Edited by Sandra M. Gustafson and Caroline F. Sloat
This collection of original essays examines debates on how written, printed, visual, and performed works produced meaning in American culture before 1900. The contributors argue that America has been a multimedia culture since the eighteenth century. According to Sandra M. Gustafson, the verbal arts before 1900 manifest a strikingly rich pattern of development and change. From the wide variety of indigenous traditions, through the initial productions of settler communities, to the elaborations of colonial, postcolonial, and national expressive forms, the shifting dynamics of performed, manuscript-based, and printed verbal art capture critical elements of rapidly changing societies.
The contributors address performances of religion and government, race and gender, poetry, theater, and song. Their studies are based on texts—intended for reading silently or out loud—maps, recovered speech, and pictorial sources. As these essays demonstrate, media, even when they appear to be fixed, reflected a dynamic American experience.
Contributors: Caroline F. Sloat, Matthew P. Brown, David S. Shields, Martin Brückner, Jeffrey H. Richards, Phillip H. Round, Hilary E. Wyss, Angela Vietto, Katherine Wilson, Joan Newlon Radner, Ingrid Satelmajer, Joycelyn Moody, Philip F. Gura, Coleman Hutchison, Oz Frankel, Susan S. Williams, Laura Burd Schiavo, and Sandra M. Gustafson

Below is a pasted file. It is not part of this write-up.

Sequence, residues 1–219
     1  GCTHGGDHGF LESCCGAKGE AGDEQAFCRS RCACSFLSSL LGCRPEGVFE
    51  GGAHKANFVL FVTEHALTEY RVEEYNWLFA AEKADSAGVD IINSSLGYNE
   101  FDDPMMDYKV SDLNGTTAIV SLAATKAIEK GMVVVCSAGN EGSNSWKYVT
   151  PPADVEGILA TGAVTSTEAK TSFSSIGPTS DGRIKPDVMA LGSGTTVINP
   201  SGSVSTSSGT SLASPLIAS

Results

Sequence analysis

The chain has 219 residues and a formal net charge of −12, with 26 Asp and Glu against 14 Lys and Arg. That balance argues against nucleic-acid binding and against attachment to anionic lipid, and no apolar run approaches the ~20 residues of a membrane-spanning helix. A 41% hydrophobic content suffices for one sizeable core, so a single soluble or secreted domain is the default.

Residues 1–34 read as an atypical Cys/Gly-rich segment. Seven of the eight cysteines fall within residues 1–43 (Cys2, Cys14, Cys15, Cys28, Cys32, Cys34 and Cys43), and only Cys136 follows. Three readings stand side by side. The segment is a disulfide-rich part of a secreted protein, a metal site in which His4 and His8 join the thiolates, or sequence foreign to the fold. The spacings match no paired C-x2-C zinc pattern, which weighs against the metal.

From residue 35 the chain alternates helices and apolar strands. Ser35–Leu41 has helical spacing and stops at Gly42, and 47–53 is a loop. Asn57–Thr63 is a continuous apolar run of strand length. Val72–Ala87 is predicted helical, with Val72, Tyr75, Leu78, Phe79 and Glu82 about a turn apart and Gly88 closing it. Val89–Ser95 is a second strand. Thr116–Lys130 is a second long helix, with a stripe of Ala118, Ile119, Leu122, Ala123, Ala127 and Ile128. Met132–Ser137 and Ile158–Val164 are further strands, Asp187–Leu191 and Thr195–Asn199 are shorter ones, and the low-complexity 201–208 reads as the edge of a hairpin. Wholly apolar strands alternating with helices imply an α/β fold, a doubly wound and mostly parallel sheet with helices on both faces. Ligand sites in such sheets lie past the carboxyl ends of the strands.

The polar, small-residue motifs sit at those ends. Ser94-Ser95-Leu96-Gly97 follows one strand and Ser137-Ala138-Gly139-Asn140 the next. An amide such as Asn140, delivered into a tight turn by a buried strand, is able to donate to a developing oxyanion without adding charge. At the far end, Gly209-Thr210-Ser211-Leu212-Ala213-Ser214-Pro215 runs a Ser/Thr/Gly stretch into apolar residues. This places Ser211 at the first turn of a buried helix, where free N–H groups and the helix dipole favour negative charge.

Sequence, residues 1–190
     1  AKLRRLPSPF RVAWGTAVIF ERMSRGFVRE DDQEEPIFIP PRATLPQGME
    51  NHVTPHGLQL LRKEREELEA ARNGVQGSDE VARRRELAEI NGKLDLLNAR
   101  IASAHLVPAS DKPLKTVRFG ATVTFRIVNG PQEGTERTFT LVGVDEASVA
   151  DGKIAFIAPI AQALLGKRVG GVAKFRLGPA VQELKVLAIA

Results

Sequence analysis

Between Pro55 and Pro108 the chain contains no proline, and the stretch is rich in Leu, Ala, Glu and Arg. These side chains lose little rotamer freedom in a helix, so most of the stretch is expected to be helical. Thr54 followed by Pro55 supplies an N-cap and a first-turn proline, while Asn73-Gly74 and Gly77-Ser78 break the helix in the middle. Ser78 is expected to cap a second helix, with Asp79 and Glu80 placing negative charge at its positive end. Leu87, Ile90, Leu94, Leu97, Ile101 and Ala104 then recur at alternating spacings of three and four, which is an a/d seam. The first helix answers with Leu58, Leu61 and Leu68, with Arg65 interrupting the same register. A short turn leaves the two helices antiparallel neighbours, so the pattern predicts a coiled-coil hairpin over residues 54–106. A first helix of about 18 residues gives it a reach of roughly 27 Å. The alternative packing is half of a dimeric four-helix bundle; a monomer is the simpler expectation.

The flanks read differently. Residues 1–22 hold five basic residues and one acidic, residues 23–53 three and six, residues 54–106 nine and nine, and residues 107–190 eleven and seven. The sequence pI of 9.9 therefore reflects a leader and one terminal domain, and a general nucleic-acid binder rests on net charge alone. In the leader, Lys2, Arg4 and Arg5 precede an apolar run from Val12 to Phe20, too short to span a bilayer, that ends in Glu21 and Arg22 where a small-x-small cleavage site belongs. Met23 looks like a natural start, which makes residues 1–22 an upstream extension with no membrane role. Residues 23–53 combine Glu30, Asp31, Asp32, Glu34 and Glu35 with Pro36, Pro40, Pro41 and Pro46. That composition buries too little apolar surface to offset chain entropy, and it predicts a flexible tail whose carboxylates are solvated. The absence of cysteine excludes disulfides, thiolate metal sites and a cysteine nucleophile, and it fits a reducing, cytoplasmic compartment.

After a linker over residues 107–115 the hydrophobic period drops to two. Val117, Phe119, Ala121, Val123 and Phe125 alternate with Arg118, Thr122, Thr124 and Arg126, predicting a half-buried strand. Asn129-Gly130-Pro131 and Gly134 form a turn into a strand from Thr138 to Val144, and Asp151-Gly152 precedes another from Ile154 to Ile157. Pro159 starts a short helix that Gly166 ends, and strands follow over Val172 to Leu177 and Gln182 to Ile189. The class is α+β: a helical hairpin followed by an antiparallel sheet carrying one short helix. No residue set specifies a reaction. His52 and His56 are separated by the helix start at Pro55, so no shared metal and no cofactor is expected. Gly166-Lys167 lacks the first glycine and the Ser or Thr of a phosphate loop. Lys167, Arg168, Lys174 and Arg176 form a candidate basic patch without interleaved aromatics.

“This volume brings together some of the most exciting work in print culture and ‘old new media’ studies (relating to early America) that is being done today. The collection will have an avid scholarly audience as the interdisciplinary fields of book history and of media, literacy, and performance studies, and their subfields, continue to thrive.” — Patricia Crain, New York University
“Gustafson and Sloat show how memories ‘have enough cultural currency to be a historical category.’ Textual information is well cited and documented, and the titles of the chapters are intriguing. Useful to specialists in American studies, English, or history.” — Choice
“The seventeen essays in this collection are relatively brief; most of them serve as provocations for new approaches, distillations of the authors’ larger projects, or meditations on method. Those that attend especially to women offer vivid snapshots of the possibilities and perils of literacy and writing in a colonial through antebellum context. . . . What is clear from this collection is that . . .[i]n the context of textuality and performance in early America, many forms of publication, including print, opened up alternative modes for the production of meaning—meaning that we continue to discover” — Legacy
“Resisting the tendency to hyper-specialize that one often sees manifested in contemporary edited collections, the book is appealingly ‘loose’ in its structure . . . An excellent example of the scholarship that can emerge when some of the newest and most original thought is applied to the oldest of American texts.” — Years Work in English Studies
“This collection—with contributions to Native American studies, musicology, race and culture, and the examination of precise sites of literacy—provides a map of the interactions between the emerging media that constituted early and nineteenth-century American culture. It also marks a significant broadening of the modes of enquiry and material considerations of book history.” — SHARP News